The U.S. Supreme Court cleared the way Monday for a Jan. 22 election that is expected to place the first Latino on the Los Angeles County Board of Supervisors this century, and civil rights attorneys declared that they believe the historic redistricting case is now over.
The justices denied a request by the county to postpone the election in the new 1st District, carved by a federal judge who ruled that the supervisors had discriminated against the county’s 3 million Latinos in drawing district boundaries.
The high court did not say whether it will review the lower court rulings that led to the drafting of a new political map for the nation’s most populous county. The new map changes representation for many of the county’s 8.5 million residents and threatens to end a decade of conservative control of the board.
In Los Angeles, attorneys for the American Civil Liberties Union and the Mexican American Legal Defense and Educational Fund, which joined the U.S. Justice Department in filing the voting rights suit against the county, said they believe the ruling will bring the two-year legal battle to an end.
“It is over,” declared ACLU lawyer Mark Rosenbaum. “It will forever be the legacy of this board that it stubbornly refused to budge from the wrong side of history.”
Antonia Hernandez, general counsel of MALDEF, said, “We believe that denying the county’s motion for a stay indicates that there are not enough votes on the Supreme Court to hear this case. . . . It is a happy day for the Latino community.”
County attorneys refused comment.
Typically, if the justices believe a case presents an issue worthy of being considered, they will issue a stay and block further action until they can rule on it. Court aides said that since the justices denied the county’s request for a stay, they will likely also deny the appeal next month when it goes before a regularly scheduled conference of the court.
Supervisor Deane Dana, a member of the board’s conservative majority, refused to concede defeat. “We still haven’t heard whether they are going to review the whole thing,” he said, acknowledging that the outlook for the county “certainly looks doubtful.” Dana said he is preparing to begin representing his new district.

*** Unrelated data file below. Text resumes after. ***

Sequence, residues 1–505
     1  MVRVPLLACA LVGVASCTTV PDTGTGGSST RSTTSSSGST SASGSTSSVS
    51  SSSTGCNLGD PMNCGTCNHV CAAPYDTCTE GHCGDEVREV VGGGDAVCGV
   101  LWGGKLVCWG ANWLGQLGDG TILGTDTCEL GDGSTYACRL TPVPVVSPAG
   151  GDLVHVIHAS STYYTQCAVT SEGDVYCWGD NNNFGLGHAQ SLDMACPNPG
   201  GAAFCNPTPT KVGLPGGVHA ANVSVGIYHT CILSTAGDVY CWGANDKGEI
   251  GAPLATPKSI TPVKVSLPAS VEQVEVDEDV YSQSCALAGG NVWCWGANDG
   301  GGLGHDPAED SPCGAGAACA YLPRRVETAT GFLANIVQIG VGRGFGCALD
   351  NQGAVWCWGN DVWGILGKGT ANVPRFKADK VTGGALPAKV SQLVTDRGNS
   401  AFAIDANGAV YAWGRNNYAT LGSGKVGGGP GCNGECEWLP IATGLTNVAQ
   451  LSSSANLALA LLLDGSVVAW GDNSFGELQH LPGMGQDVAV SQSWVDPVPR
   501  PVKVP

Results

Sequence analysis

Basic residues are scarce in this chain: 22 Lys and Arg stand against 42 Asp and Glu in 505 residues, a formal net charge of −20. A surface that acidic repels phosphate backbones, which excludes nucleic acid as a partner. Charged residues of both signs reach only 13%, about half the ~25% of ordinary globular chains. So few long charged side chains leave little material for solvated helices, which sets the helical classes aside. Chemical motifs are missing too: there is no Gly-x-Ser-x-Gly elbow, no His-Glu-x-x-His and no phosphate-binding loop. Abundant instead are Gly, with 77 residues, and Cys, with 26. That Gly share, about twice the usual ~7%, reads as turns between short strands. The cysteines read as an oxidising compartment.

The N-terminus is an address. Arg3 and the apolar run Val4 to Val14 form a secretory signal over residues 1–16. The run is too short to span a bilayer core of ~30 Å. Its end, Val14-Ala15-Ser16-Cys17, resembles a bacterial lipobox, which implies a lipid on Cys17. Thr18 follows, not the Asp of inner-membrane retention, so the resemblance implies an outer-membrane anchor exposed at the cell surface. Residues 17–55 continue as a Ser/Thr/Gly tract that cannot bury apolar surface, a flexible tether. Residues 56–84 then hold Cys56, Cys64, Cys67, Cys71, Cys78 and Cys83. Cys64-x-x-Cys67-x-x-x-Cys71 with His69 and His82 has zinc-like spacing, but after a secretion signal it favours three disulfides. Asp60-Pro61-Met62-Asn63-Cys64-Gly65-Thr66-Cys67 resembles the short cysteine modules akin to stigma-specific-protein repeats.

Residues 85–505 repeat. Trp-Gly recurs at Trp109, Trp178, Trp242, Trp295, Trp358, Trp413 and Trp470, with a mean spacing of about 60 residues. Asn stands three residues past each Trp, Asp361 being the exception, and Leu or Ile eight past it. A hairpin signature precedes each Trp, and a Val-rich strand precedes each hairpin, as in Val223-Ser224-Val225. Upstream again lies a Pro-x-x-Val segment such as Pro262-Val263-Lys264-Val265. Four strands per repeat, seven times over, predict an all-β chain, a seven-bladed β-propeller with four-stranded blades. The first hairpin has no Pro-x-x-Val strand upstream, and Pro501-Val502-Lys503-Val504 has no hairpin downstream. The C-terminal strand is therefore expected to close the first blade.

The election was ordered last month by U.S. District Judge David V. Kenyon, who ruled in June that the supervisors had fragmented Latino neighborhoods to dilute their voting strength. Kenyon redrew district boundaries to create a new, predominantly Latino 1st District.
The court decision was applauded by the four major Latino candidates in the 1st District--state Sen. Charles M. Calderon; Sarah Flores, a former aide to Supervisor Pete Schabarum; Los Angeles City Councilwoman Gloria Molina and state Sen. Art Torres.
Flores, who finished first in the June primary in the old 1st District only to have the results thrown out by Kenyon, said she remains nervous about the same thing happening after the Jan. 22 election. “At least we have an election that is going to be completed, and that makes me happy,” she said.
Dana defended the county’s appeal, which has cost $6 million but could climb to $12 million if Kenyon awards attorney fees to the plaintiffs. A hearing will be held before Kenyon once the Supreme Court formally disposes of the case.
“You should not have one district that has 40% more voters than any other district,” Dana said. “That is wrong.”
Attorneys for the county argued that the Constitution’s “one-person, one-vote” requirement demands that districts be roughly equal in the number of voters, not just in the number of people living there.
Because only 42% of adult Latinos in Los Angeles County are citizens and eligible to vote, the newly created district will have relatively few voters. While the 3rd, 4th and 5th districts will have nearly 1.1 million citizens eligible to vote, the 1st District will have slightly more than 700,000 citizens and prospective voters.
Supervisor Mike Antonovich, in Spain planning for the county’s 1992 celebration of the 500th anniversary of Columbus’ landing, issued a statement: “I am disappointed. It is ironic that Sarah Flores, who won the June primary, was denied the opportunity to be elected supervisor, while a male incumbent (Supervisor Ed Edelman) who won the June primary in the 3rd District will be allowed to serve a full four-year term representing hundreds of thousands of people who never voted for him.”
Supervisor Pete Schabarum refused comment.
John Dunne, assistant attorney general for civil rights, was more cautious than the other plaintiffs in declaring that the case is over.
“We’re extremely gratified,” he said. “This is the longest and most expensive trial in the history of the civil rights division.”
Yolanda Garza, an Arcadia resident on whose behalf the redistricting lawsuit was filed, said, “I feel like I got a free spin on the lottery, and it went all the way up to cashing in.”